PATRICK AIR FORCE BASE, Fla. --
Question: How many people does it take to plant a backyard bougainvillea? Answer: Fifteen firefighters, two Emergency Medical Services technicians, four fire trucks, one ambulance, one gas company emergency response vehicle, and a gas company employee!
But only if you're like me and fail to plan accordingly by contacting the right people when digging in your own yard.
I learned this lesson the hard way. Last weekend, I embarked on what I thought was going to be a leisurely afternoon of gardening, planting a beautiful flowering bougainvillea bush in my backyard. Simple, right? Not so fast. Keep reading.
After preparing the soil accordingly, I needed to put a post in the ground that would hold the heavy bush in place. I took my pole digger - as I had done countless times before - and started to dig. At 22 inches I thrust the pole digger one last time into the ground, when to my shock I hear a very loud hissing sound.
Then I smelled the gas.
My response was quick. I called 911, killed the power to my house, and notified my neighbors to get out and away. The emergency responders arrived within minutes. Their departure, however, didn't happen until four hours later.
I've always read about stories like this - you know, 'some other guy' who has this kind of thing happen to him. Well, now I'm 'some other guy' and as embarrassed as I was by my actions (and for my neighbors who were evacuated out of their homes on a Sunday afternoon for three hours because of my backyard shenanigans), I want to pass on my experience to highlight the importance of taking precautionary steps when digging on your property.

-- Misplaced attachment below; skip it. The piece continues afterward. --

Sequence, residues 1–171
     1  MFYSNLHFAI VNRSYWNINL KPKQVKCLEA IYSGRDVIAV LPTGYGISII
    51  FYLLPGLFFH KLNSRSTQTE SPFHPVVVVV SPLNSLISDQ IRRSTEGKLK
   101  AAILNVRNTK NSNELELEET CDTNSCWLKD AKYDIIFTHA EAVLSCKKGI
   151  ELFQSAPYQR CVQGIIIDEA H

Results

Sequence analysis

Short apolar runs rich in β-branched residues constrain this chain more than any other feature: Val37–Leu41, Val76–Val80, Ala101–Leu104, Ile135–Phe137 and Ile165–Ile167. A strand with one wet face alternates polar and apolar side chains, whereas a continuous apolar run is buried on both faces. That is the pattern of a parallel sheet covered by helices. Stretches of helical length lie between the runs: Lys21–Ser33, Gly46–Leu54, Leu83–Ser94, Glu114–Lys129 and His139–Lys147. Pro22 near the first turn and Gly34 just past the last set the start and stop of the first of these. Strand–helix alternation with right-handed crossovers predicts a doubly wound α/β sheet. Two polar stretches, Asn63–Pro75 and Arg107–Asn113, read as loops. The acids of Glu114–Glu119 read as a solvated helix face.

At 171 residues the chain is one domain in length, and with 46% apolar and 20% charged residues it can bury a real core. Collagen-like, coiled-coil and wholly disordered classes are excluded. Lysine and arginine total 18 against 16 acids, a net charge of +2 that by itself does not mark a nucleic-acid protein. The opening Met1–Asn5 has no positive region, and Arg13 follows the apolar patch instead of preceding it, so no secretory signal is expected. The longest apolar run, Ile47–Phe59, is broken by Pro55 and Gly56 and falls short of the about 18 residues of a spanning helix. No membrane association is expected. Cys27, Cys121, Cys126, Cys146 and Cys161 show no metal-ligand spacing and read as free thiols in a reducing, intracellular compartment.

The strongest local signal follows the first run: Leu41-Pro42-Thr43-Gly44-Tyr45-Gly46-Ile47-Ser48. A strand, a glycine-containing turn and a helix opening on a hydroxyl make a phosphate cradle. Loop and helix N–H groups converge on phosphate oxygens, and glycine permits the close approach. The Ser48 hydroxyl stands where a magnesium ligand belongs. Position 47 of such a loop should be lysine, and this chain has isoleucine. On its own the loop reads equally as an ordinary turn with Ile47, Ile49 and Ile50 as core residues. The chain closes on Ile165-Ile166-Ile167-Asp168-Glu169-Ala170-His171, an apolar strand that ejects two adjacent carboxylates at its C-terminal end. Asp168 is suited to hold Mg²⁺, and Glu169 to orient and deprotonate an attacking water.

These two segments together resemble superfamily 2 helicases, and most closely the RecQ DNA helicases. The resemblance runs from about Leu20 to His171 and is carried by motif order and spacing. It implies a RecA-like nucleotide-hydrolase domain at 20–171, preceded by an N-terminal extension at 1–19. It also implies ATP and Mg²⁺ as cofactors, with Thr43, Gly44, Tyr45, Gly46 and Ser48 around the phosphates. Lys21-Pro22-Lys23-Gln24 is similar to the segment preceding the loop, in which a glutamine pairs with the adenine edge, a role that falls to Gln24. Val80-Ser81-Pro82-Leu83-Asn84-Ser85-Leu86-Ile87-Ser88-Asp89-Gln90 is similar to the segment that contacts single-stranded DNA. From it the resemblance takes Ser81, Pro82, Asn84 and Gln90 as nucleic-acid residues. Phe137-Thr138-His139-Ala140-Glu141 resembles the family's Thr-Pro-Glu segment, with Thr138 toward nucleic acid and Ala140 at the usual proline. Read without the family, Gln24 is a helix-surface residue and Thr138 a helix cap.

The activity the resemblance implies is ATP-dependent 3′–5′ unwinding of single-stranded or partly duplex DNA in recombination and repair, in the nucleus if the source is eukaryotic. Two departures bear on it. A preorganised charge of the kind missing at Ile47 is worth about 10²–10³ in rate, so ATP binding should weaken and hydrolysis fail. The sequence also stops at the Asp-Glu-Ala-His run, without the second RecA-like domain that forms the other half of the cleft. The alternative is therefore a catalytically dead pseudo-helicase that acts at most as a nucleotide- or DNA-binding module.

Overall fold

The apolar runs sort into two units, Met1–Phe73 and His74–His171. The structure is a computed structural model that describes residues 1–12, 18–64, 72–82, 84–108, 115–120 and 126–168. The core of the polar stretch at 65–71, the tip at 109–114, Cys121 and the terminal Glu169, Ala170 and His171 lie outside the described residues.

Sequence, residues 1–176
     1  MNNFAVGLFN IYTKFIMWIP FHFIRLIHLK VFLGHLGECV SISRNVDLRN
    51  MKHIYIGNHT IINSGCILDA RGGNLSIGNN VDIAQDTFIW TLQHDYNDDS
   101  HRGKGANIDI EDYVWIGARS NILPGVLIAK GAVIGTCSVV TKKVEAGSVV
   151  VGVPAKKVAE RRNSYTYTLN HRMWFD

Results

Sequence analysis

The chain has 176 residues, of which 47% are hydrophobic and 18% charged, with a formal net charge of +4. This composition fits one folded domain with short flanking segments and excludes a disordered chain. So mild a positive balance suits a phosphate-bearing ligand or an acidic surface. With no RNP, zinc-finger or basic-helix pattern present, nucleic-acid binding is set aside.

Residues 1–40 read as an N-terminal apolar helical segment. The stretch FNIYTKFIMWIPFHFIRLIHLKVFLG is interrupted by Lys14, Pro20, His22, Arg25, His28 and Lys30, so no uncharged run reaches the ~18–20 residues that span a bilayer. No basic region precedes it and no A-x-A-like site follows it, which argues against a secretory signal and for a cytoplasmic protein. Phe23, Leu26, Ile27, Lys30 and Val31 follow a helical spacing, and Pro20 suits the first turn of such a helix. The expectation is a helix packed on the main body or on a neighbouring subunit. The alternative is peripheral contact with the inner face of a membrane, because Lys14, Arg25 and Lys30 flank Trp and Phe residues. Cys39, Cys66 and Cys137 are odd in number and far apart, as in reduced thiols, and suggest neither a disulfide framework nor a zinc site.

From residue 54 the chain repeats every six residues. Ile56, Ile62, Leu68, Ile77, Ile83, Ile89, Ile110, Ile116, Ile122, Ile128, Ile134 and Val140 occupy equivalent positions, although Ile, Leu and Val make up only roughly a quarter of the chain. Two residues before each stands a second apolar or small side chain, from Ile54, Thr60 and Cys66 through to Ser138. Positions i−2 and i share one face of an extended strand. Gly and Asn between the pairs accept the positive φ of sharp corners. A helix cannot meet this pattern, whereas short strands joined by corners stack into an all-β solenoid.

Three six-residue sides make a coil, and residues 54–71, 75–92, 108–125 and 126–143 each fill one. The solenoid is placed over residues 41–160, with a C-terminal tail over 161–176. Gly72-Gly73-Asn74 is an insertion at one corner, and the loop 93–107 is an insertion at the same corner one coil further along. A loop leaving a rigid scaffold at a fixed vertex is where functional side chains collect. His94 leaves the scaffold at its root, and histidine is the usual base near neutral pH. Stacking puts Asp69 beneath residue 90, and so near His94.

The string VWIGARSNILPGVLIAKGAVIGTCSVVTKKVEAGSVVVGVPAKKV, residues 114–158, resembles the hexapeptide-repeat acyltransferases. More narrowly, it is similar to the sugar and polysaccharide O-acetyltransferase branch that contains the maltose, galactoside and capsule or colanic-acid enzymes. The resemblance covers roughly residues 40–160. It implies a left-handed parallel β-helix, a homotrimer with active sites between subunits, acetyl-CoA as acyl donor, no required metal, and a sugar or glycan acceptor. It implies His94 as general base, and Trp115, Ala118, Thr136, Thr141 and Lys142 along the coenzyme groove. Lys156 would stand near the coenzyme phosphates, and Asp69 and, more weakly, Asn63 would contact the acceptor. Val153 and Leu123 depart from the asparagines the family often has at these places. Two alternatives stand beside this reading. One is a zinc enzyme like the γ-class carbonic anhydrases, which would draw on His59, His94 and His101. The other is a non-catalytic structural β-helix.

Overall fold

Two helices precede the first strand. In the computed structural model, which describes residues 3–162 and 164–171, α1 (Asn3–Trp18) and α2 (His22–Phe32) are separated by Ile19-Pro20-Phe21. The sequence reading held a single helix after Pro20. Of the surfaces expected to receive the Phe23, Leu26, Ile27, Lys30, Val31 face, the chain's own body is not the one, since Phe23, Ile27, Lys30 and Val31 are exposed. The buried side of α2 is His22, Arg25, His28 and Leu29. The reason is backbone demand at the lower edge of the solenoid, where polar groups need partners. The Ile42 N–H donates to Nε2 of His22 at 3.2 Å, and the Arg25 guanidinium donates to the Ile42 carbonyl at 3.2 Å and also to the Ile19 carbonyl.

The Fire Chief on scene pointed out to me that this kind of danger is real. He told me that many utility lines nowadays are buried and the possibility of electrocution or explosions is very real as well.
And the amount of 'firepower' that responded - the fire trucks, EMTs, etc. - illustrates the serious nature of a high pressure natural gas leak.
If I had only planned ahead and called 811 so the utility company could check my yard (for free, mind you), all of this could have been avoided. In the end, I stand the chance of being assessed up to a $2,500 fine for the incident. I'm hoping they'll go easy on me, but I take responsibility for my actions.
The dangers are there, and as you can see, the costs associated can be very expensive.
Bottom line: Call 811 before you dig. And don't be 'some other guy.'
EDITOR'S NOTE: April marks the fifth annual National Safe Digging Month, which is formally recognized by the U.S. Congress and has earned the support of Florida's governor. The 'Call 811' campaign is designated to encourage everyone to call 811 before digging. For more information on the program, log on to www.sunshine811.com